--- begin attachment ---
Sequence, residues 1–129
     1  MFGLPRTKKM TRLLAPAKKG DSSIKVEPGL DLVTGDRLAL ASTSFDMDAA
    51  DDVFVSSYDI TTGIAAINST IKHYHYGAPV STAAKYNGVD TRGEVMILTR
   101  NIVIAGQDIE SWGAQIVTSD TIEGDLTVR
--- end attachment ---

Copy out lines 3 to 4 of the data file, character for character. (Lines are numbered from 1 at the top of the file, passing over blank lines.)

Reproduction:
    51  DDVFVSSYDI TTGIAAINST IKHYHYGAPV STAAKYNGVD TRGEVMILTR
   101  NIVIAGQDIE SWGAQIVTSD TIEGDLTVR